[LA PÉROUSE, JEAN FRANÇOIS DE GALAUP, COMTE DE] — LOUIS PHILIPPE CREPIN [AFTER] | Naufrage de Mm. de Laborde sur les canots de la peyrouse au port des Francois dans la Californie. [Paris: Ostervald, ca. 1806]
Estimate: 2,500 - 3,500 USD
[LA PÉROUSE, JEAN FRANÇOIS DE GALAUP, COMTE DE] — LOUIS PHILIPPE CREPIN [AFTER]
Naufrage de Mm. de Laborde sur les canots de la peyrouse au port des Francois dans la Californie. [Paris: Ostervald, ca. 1806]
Engraving (sheet size: 22 1/8 x 29 in.), by Prot and Dissard.
The loss of two launches during La Perouse's expedition in Lituya Bay, Alaska
"La Pérouse's expedition [aboard the frigates Astrolobe and Boussole] was one of the most important scientific explorations ever undertaken to the Pacific and the west coast of North America ..The charge to the expedition [which took place between 1785 and 1788] was to examine such parts of the region as had not been explored by Captain Cook; to seek for an interoceanic passage; to make scientific observations on the various countries, peoples, and products; to obtain reliable information about the fur trade and the extent of Spanish settlements in California; and to promote the inducements for French enterprise in that quarter...La Pérouse sent dispatches back to France from Kamchatka and Botany Bay. The two ships then set sail from Botany Bay, in 1788, and were never heard from again" (Hill).
In July 1786, La Perouse arrived at a majestic looking inlet off the southeast coast of Alaska. Naming the bay Port des Francais (present day Lituya Bay), La Perouse cautiously guided his ships into the fjord, eventually anchoring in the shelter of a small island at the head of the bay. After exploring and trading with local natives, on 13 July 1786, three small launches set sail back into the inlet to take soundings prior to the continuation of the expedition. Venturing too close to the entrance where the Pacific Ocean tidal currents created hazardous conditions, one of the boats capsized; the second boat (captained by Édouard Jean Joseph de Laborde de Marchainville) attempted to rescue the drowning sailors on the first, but suffered the same fate; the third boat, realizing the danger, returned to the safety of the inlet. In all, 21 sailors were lost.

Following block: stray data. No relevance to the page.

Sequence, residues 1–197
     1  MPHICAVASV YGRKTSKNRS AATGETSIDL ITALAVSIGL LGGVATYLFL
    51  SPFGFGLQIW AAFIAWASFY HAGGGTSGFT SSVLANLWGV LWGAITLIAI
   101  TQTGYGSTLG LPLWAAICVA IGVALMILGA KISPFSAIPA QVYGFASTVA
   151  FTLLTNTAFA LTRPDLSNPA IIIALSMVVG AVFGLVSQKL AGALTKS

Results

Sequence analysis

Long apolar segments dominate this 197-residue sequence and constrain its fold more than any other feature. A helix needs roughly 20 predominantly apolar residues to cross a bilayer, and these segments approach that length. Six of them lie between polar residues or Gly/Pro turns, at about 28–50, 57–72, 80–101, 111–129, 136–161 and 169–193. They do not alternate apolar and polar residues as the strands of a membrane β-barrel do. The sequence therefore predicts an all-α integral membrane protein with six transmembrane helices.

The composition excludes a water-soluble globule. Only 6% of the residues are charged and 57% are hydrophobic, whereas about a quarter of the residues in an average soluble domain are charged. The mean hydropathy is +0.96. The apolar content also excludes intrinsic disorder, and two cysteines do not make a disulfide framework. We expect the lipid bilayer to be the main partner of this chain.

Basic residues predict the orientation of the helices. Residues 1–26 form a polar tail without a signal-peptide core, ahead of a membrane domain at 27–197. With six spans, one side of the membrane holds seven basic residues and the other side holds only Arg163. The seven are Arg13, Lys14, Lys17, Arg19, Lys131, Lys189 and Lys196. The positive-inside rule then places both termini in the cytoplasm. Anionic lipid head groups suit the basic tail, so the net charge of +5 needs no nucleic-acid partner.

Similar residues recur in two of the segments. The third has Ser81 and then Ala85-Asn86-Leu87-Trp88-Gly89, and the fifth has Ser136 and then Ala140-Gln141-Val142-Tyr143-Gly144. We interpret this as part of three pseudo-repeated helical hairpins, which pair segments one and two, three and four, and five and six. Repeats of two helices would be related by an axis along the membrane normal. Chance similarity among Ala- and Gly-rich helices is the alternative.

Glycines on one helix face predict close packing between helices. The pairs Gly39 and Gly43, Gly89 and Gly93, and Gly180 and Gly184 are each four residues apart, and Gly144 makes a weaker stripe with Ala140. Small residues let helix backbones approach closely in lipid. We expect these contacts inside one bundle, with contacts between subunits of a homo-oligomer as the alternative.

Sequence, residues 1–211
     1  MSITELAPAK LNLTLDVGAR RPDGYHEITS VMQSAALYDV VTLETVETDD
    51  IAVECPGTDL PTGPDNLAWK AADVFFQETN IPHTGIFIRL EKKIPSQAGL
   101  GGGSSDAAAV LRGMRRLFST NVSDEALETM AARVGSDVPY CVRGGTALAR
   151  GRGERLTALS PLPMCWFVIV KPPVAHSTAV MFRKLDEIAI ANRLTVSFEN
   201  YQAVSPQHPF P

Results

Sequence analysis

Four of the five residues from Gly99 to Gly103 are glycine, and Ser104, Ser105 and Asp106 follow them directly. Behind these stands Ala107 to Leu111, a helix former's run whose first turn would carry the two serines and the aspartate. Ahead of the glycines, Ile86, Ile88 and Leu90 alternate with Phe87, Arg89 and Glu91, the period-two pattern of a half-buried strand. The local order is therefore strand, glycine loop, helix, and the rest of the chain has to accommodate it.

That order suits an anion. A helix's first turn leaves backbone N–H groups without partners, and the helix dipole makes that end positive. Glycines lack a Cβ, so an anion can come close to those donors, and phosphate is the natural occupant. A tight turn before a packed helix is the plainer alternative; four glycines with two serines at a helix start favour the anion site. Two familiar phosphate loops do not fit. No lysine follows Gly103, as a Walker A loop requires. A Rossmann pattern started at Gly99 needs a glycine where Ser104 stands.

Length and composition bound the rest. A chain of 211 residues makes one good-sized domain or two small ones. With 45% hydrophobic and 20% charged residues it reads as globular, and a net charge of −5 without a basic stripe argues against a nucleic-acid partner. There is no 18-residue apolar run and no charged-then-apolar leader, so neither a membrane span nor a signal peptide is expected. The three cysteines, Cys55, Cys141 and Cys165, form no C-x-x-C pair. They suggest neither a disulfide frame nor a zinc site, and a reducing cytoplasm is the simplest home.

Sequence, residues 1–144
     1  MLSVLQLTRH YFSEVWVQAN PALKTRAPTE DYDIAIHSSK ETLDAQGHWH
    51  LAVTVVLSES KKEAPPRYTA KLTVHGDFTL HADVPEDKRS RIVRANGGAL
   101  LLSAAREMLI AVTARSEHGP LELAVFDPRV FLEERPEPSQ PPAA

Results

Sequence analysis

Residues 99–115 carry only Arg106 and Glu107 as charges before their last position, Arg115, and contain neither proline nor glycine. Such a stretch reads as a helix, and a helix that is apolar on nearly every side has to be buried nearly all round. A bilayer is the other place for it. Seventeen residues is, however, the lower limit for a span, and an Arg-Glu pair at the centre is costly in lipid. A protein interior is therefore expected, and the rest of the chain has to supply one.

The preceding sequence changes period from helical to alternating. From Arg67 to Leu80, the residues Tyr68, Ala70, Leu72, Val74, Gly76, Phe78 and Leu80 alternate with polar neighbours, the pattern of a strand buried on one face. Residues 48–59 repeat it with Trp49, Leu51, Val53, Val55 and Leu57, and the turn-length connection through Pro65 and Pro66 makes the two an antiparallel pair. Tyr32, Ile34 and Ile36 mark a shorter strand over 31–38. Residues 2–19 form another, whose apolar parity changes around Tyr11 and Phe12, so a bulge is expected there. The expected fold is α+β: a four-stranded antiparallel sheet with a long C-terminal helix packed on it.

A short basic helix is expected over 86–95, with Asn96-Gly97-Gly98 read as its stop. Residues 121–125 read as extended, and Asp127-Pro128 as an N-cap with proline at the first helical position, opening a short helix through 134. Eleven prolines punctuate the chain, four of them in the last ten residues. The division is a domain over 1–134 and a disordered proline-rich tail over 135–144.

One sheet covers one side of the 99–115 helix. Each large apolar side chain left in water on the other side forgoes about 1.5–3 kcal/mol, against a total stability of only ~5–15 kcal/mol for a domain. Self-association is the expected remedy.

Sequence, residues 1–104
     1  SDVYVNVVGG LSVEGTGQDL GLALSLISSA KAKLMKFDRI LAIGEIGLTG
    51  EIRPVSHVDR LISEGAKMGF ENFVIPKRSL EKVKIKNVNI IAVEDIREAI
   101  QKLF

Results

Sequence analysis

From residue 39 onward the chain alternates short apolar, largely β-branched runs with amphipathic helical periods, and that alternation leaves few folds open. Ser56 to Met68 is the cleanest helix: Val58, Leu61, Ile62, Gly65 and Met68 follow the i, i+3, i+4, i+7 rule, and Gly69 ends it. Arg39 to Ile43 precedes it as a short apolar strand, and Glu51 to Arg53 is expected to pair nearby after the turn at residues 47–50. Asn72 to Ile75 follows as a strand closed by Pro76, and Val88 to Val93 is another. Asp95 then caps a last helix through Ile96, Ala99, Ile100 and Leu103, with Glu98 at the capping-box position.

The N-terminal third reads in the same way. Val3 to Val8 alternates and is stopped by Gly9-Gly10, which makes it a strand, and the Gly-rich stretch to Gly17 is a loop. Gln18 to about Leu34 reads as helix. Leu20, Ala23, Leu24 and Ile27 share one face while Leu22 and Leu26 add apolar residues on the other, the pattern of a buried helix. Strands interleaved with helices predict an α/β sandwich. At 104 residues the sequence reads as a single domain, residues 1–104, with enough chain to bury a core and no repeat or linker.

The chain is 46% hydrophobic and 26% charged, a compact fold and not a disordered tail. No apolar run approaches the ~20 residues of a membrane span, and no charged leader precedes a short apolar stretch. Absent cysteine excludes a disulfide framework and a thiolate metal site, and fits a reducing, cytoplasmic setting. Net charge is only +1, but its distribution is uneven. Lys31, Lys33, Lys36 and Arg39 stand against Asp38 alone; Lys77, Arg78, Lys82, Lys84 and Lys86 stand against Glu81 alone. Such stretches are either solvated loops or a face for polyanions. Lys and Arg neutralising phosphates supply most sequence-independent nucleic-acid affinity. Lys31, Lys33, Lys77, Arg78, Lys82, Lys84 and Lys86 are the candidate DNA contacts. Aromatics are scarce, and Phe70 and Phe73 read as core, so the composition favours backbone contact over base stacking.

The present engraving, after a painting by noted French marine painter Louis Phillipe Crepin, depicts the above scene, with the first boat sinking in the foreground, the second boat throwing a line at the right, and the third ship returning toward the head of the bay, with La Perouse's ships just visible behind the island at center left. The background is dominated by majestic snow-capped mountains, accurately depicted the beauty of the bay. As the title of the print suggests, the painting and engraving were done in honor of the fatal heroism of Édouard Jean Joseph de Laborde de Marchainville, who is depicted at the bow of the second boat throwing a line to the first launch, as well as his brother Ange de Laborde de Boutervilliers, who was aboard one of the two launches. The print is dedicated to their brother, French antiquary and Napoleonic politician Louis-Joseph-Alexandre de Laborde. The above scene is described in the second volume of La Perouse's official narrative, published in 1797; Crepin's painting is believed to have been done in 1806.
Condition as described in catalogue entry.
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